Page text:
HP battery packs in safety recall

Shanghai Daily, May 31, 2011

Hewlett-Packard has recalled 162,600 battery packs used in its laptops because they can overheat, posing a risk of fire or burns.

HP said customers will be eligible to receive a replacement for each verified, recalled battery pack at no cost.

The company said on its website that it and the battery manufacturers believed certain battery packs shipped in HP notebook PC products manufactured between July 2007 and May 2008 could pose a potential safety hazard.

Customers in China are advised to contact HP through hotline 800-810-3888 or visit www.hp.com/support/batteryreplacement to determine whether their battery is included in the recall.

The recall was put in place after the discovery that the lithium-ion batteries can overheat and rupture.

Since 2010, there had been reports of seven injuries, one smoke inhalation injury and 36 reports of property damage involving HP products, the US Consumer Product Safety Commission said.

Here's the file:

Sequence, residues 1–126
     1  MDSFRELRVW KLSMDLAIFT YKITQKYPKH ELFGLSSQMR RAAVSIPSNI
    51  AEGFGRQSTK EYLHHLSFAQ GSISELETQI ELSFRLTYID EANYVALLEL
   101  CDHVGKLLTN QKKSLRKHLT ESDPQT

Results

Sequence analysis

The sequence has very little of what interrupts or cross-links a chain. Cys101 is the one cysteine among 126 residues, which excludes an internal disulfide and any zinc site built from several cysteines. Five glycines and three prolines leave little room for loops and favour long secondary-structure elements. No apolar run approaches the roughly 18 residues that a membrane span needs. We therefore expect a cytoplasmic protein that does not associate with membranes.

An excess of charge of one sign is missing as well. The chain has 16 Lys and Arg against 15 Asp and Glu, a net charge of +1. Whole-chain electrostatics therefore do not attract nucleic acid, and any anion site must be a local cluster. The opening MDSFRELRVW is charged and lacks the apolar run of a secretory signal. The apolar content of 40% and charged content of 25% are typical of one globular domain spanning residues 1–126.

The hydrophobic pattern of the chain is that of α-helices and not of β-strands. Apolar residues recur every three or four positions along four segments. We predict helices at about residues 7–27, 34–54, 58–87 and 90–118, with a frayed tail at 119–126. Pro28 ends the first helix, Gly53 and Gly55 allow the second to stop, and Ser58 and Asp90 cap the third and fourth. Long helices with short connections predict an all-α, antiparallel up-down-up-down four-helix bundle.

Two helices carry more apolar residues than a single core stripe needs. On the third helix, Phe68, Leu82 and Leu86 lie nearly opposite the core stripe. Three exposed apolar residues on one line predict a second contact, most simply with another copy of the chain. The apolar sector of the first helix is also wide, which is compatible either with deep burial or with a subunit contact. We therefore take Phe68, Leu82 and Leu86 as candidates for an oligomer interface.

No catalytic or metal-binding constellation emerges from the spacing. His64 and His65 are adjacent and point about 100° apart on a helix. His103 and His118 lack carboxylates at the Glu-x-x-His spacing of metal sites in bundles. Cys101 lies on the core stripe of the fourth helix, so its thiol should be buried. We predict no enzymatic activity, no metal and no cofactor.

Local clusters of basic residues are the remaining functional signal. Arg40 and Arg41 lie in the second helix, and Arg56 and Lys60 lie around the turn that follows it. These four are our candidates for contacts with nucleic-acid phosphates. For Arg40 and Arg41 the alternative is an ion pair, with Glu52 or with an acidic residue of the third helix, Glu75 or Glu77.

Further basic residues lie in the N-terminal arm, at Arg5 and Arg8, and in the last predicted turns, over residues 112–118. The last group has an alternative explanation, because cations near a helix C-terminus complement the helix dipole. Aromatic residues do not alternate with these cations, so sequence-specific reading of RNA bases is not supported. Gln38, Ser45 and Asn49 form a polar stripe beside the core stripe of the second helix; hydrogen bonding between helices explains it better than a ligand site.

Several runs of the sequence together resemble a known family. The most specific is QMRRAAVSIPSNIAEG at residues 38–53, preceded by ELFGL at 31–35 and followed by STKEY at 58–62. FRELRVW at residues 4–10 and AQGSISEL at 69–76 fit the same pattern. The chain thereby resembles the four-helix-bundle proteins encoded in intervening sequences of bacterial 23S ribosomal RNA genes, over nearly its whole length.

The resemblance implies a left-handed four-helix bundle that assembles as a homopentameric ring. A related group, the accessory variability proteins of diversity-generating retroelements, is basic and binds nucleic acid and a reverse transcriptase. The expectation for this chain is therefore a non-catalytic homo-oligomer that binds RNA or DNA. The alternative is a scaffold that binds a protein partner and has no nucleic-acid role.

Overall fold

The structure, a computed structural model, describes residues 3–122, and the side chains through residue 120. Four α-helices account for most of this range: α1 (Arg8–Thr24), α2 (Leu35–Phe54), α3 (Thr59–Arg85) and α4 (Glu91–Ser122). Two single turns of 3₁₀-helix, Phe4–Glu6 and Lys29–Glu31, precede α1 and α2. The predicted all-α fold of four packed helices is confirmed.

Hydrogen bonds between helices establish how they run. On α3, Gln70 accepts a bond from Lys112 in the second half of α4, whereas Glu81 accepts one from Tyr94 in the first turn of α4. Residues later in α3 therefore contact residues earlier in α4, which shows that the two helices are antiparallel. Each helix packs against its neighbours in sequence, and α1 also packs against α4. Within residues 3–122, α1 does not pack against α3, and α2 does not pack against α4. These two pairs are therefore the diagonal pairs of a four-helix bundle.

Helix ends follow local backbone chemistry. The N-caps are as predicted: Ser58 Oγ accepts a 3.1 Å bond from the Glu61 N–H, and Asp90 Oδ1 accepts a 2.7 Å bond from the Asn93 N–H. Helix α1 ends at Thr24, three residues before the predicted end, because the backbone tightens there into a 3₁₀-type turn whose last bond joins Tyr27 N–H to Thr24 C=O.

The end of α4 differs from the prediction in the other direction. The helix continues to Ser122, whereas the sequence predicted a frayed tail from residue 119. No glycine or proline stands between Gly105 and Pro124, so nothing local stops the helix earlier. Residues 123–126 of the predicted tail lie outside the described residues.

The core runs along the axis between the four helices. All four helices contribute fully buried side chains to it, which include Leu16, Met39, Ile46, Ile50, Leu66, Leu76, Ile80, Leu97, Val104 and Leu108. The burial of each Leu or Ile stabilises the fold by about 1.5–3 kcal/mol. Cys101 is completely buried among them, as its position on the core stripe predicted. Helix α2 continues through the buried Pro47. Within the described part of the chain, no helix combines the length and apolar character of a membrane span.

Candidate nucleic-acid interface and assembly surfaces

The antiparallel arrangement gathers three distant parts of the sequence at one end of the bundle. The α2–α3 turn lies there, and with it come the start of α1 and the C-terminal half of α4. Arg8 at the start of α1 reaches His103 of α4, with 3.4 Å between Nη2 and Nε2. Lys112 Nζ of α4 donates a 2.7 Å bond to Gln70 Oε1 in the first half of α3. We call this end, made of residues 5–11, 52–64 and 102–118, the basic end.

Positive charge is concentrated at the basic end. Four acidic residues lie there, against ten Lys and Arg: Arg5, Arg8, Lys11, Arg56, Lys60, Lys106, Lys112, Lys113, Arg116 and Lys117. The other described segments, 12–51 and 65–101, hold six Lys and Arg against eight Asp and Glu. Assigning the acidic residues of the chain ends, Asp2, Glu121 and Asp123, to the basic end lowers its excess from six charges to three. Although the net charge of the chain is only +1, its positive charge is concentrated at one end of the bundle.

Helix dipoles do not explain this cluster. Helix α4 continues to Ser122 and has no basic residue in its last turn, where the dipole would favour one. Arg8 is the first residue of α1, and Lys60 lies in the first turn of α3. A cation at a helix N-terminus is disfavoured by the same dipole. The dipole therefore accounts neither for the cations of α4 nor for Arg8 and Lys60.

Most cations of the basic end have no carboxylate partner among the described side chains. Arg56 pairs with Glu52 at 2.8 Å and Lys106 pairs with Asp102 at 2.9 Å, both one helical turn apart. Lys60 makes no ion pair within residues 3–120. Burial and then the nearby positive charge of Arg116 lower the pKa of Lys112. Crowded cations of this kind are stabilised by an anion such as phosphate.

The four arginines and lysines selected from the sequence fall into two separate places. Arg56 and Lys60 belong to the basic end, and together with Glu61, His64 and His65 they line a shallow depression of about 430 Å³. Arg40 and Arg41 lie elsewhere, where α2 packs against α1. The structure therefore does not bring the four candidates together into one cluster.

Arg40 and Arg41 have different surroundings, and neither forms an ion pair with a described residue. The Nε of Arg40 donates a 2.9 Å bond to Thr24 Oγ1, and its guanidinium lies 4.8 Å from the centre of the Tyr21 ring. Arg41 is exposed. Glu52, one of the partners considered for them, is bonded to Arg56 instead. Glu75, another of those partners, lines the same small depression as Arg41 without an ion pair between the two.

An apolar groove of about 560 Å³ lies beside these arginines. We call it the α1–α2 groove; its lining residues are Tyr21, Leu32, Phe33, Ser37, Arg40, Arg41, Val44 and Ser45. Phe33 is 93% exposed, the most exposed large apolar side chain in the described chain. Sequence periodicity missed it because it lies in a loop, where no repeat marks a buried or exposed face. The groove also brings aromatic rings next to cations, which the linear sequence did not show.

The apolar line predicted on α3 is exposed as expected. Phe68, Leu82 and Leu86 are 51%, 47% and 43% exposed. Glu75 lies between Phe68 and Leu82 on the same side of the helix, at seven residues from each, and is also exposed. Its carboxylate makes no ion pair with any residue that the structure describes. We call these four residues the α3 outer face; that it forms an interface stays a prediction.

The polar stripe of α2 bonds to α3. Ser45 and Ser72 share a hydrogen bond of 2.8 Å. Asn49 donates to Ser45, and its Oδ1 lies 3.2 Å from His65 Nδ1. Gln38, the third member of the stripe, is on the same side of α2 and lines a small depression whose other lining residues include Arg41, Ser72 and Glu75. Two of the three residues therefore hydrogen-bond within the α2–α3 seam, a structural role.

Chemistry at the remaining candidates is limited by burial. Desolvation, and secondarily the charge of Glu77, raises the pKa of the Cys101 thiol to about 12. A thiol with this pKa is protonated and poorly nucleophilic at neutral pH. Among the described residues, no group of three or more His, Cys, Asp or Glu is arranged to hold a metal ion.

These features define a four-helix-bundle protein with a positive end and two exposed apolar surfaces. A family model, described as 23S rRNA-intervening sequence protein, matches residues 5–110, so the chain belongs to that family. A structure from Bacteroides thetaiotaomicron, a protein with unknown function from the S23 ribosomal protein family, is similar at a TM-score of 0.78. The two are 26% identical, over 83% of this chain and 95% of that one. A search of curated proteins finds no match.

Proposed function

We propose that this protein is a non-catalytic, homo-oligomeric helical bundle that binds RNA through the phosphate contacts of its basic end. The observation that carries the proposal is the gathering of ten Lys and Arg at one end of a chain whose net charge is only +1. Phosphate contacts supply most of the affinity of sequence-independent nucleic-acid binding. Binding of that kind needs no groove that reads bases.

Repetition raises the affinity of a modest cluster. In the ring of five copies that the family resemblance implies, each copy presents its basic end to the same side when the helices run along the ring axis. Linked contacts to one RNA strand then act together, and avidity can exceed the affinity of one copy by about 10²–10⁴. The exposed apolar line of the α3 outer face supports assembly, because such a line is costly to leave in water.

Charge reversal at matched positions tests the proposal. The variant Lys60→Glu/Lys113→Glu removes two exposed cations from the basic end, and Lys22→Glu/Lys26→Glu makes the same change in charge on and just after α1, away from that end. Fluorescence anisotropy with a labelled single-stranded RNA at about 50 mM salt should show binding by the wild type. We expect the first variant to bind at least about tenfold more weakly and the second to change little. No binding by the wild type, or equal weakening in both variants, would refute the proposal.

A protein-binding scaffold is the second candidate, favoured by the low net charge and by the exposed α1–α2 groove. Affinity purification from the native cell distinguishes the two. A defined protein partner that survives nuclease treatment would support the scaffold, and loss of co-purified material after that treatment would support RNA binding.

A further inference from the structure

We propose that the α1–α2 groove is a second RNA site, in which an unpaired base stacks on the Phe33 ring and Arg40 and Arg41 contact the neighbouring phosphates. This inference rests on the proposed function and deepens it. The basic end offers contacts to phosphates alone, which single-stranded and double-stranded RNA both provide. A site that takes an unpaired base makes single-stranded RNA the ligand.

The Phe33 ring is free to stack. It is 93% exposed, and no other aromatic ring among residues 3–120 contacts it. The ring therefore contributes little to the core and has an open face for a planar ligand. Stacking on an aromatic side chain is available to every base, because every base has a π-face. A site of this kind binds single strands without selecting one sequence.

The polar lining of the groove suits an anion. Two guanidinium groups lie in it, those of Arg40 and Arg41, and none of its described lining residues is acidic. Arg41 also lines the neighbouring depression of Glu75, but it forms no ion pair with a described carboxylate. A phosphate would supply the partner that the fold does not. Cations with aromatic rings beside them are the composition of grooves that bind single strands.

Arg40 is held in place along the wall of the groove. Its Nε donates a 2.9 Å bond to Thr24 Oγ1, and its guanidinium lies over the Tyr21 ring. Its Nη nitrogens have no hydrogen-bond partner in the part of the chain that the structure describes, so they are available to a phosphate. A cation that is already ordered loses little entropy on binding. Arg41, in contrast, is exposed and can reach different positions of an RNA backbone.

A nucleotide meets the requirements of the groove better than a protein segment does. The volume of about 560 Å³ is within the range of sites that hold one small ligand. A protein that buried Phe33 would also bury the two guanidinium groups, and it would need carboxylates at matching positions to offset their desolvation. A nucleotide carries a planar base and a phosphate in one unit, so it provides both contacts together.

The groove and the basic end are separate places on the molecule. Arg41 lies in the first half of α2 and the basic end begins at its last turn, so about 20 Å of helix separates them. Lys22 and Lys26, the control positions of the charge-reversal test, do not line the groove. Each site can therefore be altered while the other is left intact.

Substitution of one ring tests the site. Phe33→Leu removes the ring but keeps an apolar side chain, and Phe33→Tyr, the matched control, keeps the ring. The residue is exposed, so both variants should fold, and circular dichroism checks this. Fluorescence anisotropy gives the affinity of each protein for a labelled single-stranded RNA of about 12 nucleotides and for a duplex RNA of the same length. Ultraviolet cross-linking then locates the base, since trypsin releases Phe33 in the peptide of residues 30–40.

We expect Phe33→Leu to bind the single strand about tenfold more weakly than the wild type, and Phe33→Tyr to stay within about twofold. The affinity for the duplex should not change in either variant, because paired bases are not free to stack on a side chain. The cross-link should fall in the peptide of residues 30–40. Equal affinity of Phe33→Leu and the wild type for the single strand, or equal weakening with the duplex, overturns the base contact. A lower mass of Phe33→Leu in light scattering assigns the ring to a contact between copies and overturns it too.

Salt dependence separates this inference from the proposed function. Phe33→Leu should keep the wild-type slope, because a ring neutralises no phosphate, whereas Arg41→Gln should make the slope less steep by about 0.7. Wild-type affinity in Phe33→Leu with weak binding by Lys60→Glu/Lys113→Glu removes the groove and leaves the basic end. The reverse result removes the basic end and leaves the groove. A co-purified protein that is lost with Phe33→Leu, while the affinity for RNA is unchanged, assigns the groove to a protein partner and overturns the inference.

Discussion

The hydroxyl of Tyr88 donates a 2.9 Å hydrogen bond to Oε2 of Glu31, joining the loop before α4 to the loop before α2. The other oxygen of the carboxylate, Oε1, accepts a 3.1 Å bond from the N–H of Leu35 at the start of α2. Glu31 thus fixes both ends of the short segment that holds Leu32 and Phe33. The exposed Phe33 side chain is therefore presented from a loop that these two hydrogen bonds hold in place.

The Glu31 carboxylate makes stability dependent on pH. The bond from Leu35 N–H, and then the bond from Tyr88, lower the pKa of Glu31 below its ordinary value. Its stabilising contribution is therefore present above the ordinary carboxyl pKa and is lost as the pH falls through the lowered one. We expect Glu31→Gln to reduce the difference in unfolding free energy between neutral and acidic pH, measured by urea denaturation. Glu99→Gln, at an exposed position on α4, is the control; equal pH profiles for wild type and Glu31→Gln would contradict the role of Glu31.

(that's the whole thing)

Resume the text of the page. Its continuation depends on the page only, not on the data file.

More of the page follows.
The recall is HP's third large-scale battery recall since 2009 when 70,000 batteries were involved. Last year, 54,000 were recalled.

The recall covers almost all HP's laptop brands including HP and Compaq.

Customers in China are advised to check notebook model numbers and battery bar codes. If their products are in the recall, HP will provide free replacement batteries with free delivery.

In the first quarter, HP led the global PC market with a 18.9 percent market shares, following Dell and Acer. But its sales dropped 2.8 percent year-on-year, according to US-based information technology research firm International Data Corp.

Almost all top PC vendors, including HP, face challenges from tablet computers like Apple's iPad. But it's not an excuse for HP to abandon product quality and safety, industry insiders said.

In China, consumers have complained about HP system software with security loopholes, uncommon shaking screens, overheating graphic cards and batteries with potential fire hazards since 2007, according to media reports.

China, now the world's No. 2 PC market, is expected to surpass the US to become the world's No. 1 PC market within the next two years, analysts said.